January garden calendar - It’s time for pruning and planting - East Valley Tribune: Get Out

January garden calendar - It’s time for pruning and planting

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Posted: Saturday, December 31, 2005 5:41 am | Updated: 8:50 am, Fri Oct 7, 2011.

January is pruning and planting time for trees, shrubs and roses.

FROST PROTECTION

When frost is forecast, cover frost-tender plants with a sheet or some light covering — not plastic — by 8 p.m. and remove by 9 a.m. the next day.

The covering should extend to the ground. Young trees should have trunks wrapped, and if a freeze is forecast, cover the foliage.

A mature citrus tree, older than 6 years, will survive with minimal damage. Only fruit on exposed outer limbs will be affected. Wait to prune off frost damage until after the new spring growth appears — about March, prune off that which remains brown and brittle.

DISEASES AND INSECTS

The gray aphid population explodes in the winter. Hosing off with a forceful spray of water or soap from a spray bottle is an effective method of control. For a bad infestation, simply pinch out the infected area. In the case of totally infested cabbages and other vegetables, it may be wise to simply remove the whole plant.

If your cabbage, cauliflower and broccoli look like someone shot them with a load of buckshot, looper worms are the culprit. Examine these plants closely under the leaves, especially near the base, and treat with Sevin, Dipel or Thuricide, or just pick off the worms and apply the foot-stomp method. It is 100 percent effective and natural.

Reddish-purple growth on eucalyptus and browning or pale green needles on the Aleppo pines are weatherinduced and will correct themselves with a spring green-up.

Stem-end rot of citrus is mostly cosmetic and only rind deep; just cut it away and enjoy the fruit. Blossom-end rot of citrus will spoil the fruit and is caused by a fungal infection. Premature coloring and fruit drop is the best sign of infection. The rot is not always evident on the outside of the fruit. Eventually — frequently not until after harvest — a dark, slightly sunken spot appears on the blossom end of the fruit. This rotten spot may eventually cover one-fourth of the fruit. The tips of several segments show a dark rot, and the juice of the entire fruit has an unpleasant taste. Just pick off and discard the infected fruit.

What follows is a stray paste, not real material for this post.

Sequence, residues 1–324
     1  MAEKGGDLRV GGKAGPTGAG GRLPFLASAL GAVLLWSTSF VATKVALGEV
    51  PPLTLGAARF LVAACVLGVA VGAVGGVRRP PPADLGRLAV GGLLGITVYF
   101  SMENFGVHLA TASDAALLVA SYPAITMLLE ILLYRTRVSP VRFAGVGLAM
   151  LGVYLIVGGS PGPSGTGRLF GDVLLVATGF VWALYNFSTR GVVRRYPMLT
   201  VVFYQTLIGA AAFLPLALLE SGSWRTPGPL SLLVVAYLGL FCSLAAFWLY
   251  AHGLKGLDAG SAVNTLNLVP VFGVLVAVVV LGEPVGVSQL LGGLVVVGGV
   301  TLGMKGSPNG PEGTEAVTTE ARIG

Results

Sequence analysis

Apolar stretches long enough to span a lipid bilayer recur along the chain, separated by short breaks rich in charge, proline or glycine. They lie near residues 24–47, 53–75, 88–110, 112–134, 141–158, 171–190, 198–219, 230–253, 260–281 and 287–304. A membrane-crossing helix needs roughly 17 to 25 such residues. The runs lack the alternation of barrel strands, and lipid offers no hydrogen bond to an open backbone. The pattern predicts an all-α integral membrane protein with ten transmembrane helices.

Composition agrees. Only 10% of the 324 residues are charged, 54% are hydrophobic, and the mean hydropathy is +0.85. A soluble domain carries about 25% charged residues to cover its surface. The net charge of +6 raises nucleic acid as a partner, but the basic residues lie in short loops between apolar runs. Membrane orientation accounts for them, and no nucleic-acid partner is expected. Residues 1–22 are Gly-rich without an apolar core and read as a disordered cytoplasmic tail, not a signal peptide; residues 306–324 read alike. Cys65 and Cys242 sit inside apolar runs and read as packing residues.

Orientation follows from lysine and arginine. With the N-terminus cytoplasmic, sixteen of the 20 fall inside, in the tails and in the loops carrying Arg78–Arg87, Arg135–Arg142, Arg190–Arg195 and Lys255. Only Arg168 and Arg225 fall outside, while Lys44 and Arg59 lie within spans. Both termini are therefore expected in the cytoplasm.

FLOWERS

Check your nursery or garden center for bedding plants. If you missed fall flower planting, it’s not too late to have a beautiful spring garden; plant them now. Curled parsley from seed or transplants mixes well with flowers for an interesting look.

Don’t forget that planting flowers and veggies in pots and bowls on your patio, entryway and courtyard are great ways to show off special textures, foliage and flowers. Coleus, caladiums and ornamental cabbage are eye-catching plants that show off multicolored leaves and grow well in shaded areas.

VEGETABLES

Plant seeds for beets, bok choy, carrots, chard, collard greens, lettuce, leek, mustard, green onions, peas, potatoes, radishes, rutabagas, spinach or turnips. Plant transplants of artichokes, asparagus, broccoli, cabbage, Chinese cabbage, cauliflower, chard, kohlrabi and lettuce.

If you still need to prepare your soil for a spring/ summer garden, for 100 square feet, mix 3 to 5 pounds of soil sulfur OR 5 to 10 pounds of gypsum (but not both); 2 pounds of ammonium phosphate (16-20-0); 3 to 5 pounds of Ironite; and 3 to 5 inches of organic matter like mulch, compost or manure. Work this into the soil to a depth of 8 to 10 inches. A big rototiller will till about 8 inches deep, and a spading fork will dig to about 12 inches. The organic matter, mulch, manure or compost is very important. If you cheat in your soil preparation, your harvest will show it. Be liberal with mulch and organic matter.